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Knee Osteoarthritis is a degenerative joint disease and a worldwide leading cause of disability in people over 50, but the symptoms may begin at an even younger age. This disorder occurs when the cartilage around the joint starts to break down, and it can affect any major joint of the body. Knees are among the most commonly affected joints, and if you are already experiencing signs of knee osteoarthritis, such as pain and stiffness, here’s what you need to know.
What causes Knee Osteoarthritis?
Cartilage acts as a cushioning agent between your joints and enables them to move smoothly and without friction. If this soft tissue begins to thin, it causes the bones to rub closer and closer together. The less cartilage there is to protect your bones, the more likely you are to develop osteoarthritis in that area.
Key symptoms of Knee Osteoarthritis
Knee osteoarthritis symptoms may be barely noticeable at first, but they are sure to get worse over time as the disorder progresses. What to look for:
- Pain during or after prolonged activity
- Tenderness or sensitivity to the touch in the area surrounding the affected joint
- Stiffness around the affected joint, or joints, that is more pronounced in the morning when you first wake up or after an extended period of inactivity.
- Restricted range of motion and loss of flexibility
- The sound or feeling of a grating sensation that occurs while moving the affected joint
- The onset of a hard lump, known as a bone spur, on or around the affected joint.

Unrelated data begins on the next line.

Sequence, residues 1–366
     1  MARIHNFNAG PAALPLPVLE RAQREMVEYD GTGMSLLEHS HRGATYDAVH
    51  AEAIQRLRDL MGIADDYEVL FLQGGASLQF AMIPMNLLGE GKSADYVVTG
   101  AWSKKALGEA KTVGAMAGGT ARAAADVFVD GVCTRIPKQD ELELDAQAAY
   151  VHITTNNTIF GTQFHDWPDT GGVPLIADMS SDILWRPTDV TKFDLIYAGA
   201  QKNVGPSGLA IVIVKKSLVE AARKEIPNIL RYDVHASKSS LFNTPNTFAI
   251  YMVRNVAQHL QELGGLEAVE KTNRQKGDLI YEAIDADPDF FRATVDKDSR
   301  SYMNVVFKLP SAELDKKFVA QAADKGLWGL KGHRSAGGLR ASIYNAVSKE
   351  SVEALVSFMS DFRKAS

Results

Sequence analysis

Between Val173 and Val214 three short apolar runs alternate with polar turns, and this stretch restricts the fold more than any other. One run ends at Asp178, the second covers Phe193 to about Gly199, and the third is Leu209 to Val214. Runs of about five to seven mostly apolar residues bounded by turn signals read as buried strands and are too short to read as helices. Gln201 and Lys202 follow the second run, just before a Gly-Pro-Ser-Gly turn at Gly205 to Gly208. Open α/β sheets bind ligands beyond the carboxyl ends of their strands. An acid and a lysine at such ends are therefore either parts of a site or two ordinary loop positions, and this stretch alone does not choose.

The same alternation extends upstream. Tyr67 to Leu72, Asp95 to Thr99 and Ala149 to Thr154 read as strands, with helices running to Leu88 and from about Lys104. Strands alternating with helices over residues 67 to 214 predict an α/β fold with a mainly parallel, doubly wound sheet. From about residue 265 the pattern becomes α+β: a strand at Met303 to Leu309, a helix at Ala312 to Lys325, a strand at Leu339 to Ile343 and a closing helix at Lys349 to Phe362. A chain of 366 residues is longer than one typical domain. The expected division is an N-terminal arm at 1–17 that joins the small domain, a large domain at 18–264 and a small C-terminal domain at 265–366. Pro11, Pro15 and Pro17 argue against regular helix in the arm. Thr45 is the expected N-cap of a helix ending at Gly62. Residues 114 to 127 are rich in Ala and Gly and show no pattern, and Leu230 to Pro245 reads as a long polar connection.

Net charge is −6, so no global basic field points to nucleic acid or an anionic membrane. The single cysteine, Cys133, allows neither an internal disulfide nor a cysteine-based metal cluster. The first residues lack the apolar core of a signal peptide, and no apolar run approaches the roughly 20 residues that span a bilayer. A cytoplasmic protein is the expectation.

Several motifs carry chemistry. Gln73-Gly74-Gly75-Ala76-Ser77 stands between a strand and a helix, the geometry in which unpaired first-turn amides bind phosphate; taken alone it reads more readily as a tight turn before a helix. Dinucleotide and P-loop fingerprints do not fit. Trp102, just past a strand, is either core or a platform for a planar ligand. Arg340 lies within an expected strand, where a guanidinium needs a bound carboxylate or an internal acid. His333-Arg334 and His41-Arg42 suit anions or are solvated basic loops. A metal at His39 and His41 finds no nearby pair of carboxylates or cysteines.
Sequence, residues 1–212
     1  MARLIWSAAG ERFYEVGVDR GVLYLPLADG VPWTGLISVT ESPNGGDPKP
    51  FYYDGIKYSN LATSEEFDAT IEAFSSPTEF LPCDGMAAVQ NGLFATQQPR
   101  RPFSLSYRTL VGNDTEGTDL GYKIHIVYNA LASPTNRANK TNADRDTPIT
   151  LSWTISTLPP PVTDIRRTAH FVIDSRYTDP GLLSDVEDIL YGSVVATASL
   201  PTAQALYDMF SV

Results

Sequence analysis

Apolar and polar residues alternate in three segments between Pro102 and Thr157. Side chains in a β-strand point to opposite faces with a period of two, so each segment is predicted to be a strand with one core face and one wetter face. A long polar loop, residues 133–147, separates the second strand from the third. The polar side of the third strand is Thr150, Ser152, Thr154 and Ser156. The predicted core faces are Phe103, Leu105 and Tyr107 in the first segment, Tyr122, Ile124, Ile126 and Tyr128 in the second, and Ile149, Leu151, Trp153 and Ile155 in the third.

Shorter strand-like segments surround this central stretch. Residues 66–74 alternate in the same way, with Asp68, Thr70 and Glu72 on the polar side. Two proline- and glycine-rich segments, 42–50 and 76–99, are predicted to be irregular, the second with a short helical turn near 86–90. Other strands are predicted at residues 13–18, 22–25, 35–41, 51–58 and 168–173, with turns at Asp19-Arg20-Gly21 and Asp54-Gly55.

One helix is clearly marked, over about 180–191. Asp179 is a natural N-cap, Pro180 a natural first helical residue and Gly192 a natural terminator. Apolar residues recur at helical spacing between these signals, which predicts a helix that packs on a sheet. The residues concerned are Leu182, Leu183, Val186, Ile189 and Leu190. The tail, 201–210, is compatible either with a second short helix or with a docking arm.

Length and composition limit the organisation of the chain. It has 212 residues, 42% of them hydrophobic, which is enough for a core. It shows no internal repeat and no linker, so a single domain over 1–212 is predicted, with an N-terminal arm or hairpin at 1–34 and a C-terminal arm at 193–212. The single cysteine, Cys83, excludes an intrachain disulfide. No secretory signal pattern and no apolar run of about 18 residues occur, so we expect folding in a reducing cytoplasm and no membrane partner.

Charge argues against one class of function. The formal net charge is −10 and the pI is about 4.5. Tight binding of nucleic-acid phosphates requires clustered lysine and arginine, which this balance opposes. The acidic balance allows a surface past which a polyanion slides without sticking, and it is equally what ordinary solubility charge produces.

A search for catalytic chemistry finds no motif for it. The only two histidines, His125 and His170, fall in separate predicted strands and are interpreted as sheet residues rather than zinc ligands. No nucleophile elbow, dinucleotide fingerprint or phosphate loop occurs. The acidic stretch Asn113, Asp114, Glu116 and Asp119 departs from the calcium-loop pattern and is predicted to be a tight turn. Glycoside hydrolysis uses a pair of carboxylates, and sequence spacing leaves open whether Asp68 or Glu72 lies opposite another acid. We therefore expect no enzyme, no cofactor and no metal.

Who is at risk for Osteoarthritis of the Knees?
- Genetic predisposition: Inherited bone abnormalities, as well as familial gene mutations, may mean a higher likelihood of developing knee arthritis
- Age: Over the age of fifty, everyone is more susceptible to developing osteoarthritis due to natural wear and tear on the joints
- Gender: According to the Arthritis Foundation, women are 25.9% more likely to develop this disorder than men
- Repetitive use: If you work in a career, play in a sport or participate in any other activity where you are repeatedly placing more stress on your knees, microtraumas may result and lead to an earlier onset of osteoarthritis
- Injuries: Previous knee fractures or sprains, even if they healed well, are also an aggravating factor in developing this disorder
- Obesity: Even ten pounds of extra body weight increases the daily impact on your knees and may cause the cartilage to break down more quickly
What treatments are available?
There are many types of treatments available today for osteoarthritis of the knee. The primary goals of any treatment are to decrease pain and increase mobility. Your physio can offer the best advice, but here are some of the conventional therapies used to treat arthritic knees.
- Your Physio can demonstrate and provide you with an exercise plan that will help to retain mobility, increase flexibility, and also improve stability by strengthening the muscles surrounding the joint.
- Losing weight, even just a few pounds, significantly reduces stress on the knees and may also help to relieve pain.
- Corticosteroid injections are another common treatment. This is a more powerful anti-inflammatory option since it is injected directly into the affected area.
- Surgery is the most invasive treatment, so it is always a last resort. For many patients, however, this provides longer lasting relief and a return to increased physical activity. The least invasive surgical option is arthroscopy. In this procedure, the surgeon inserts an arthroscope through a small incision to view the affected area, clean up loose particles and remove damaged cartilage. If the patient is older or the affected knee was previously injured, the surgeon may recommend an osteotomy to help correct knee alignment. A full joint replacement surgery, or arthroplasty, involves a full or partial replacement of the knee joint with metal or plastic parts. These replaced knees do wear out over time, and there are some known risks, but they offer patients a good outcome with increased mobility.
If you are experiencing a lot of pain, stiffness, and tenderness in your knee joints, regardless of age, it is a good idea to consider seeing your physio for a diagnosis and treatment. The earlier the diagnosis, the better your long-term prognosis.